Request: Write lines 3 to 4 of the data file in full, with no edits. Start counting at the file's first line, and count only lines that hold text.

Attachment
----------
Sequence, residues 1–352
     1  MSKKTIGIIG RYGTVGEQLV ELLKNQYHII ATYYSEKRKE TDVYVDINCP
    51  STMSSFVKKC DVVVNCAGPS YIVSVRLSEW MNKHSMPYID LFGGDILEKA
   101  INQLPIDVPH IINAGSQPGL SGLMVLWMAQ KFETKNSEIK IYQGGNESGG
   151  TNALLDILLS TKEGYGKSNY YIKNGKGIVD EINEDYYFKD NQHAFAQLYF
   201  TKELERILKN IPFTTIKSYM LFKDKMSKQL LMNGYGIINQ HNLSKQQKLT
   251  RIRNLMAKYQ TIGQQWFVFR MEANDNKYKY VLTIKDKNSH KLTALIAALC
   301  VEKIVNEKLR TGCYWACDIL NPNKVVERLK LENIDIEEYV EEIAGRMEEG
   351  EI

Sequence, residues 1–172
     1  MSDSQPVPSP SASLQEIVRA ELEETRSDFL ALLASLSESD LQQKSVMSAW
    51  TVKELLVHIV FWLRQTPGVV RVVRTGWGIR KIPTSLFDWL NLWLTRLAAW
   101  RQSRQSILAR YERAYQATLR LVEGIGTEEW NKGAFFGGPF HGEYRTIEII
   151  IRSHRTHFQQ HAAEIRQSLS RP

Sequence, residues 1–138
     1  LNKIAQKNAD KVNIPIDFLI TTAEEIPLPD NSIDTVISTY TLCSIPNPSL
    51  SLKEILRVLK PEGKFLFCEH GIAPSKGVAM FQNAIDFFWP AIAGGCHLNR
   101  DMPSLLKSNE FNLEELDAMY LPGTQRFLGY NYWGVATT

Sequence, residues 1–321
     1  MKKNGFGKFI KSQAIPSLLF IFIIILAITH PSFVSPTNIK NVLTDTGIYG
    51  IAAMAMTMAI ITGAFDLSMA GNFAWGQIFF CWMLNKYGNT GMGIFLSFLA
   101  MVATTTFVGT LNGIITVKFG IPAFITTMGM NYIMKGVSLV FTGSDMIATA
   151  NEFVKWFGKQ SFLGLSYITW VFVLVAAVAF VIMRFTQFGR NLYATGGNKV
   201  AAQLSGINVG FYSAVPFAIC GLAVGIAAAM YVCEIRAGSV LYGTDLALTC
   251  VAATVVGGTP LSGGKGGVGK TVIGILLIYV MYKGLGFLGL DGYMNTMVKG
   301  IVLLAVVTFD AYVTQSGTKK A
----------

    51  STMSSFVKKC DVVVNCAGPS YIVSVRLSEW MNKHSMPYID LFGGDILEKA
   101  INQLPIDVPH IINAGSQPGL SGLMVLWMAQ KFETKNSEIK IYQGGNESGG